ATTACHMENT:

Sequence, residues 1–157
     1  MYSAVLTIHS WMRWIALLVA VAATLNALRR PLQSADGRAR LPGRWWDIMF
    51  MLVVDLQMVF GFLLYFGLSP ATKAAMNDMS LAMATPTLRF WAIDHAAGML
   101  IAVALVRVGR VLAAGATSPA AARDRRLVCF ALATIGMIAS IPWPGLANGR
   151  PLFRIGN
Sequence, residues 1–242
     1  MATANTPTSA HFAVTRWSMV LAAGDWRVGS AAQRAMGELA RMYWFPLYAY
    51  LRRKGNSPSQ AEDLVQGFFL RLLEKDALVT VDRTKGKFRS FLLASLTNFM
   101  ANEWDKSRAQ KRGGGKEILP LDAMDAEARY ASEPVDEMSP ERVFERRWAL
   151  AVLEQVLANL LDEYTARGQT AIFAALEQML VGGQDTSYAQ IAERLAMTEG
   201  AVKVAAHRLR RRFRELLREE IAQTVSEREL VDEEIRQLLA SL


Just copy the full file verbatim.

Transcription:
Sequence, residues 1–157
     1  MYSAVLTIHS WMRWIALLVA VAATLNALRR PLQSADGRAR LPGRWWDIMF
    51  MLVVDLQMVF GFLLYFGLSP ATKAAMNDMS LAMATPTLRF WAIDHAAGML
   101  IAVALVRVGR VLAAGATSPA AARDRRLVCF ALATIGMIAS IPWPGLANGR
   151  PLFRIGN
Sequence, residues 1–242
     1  MATANTPTSA HFAVTRWSMV LAAGDWRVGS AAQRAMGELA RMYWFPLYAY
    51  LRRKGNSPSQ AEDLVQGFFL RLLEKDALVT VDRTKGKFRS FLLASLTNFM
   101  ANEWDKSRAQ KRGGGKEILP LDAMDAEARY ASEPVDEMSP ERVFERRWAL
   151  AVLEQVLANL LDEYTARGQT AIFAALEQML VGGQDTSYAQ IAERLAMTEG
   201  AVKVAAHRLR RRFRELLREE IAQTVSEREL VDEEIRQLLA SL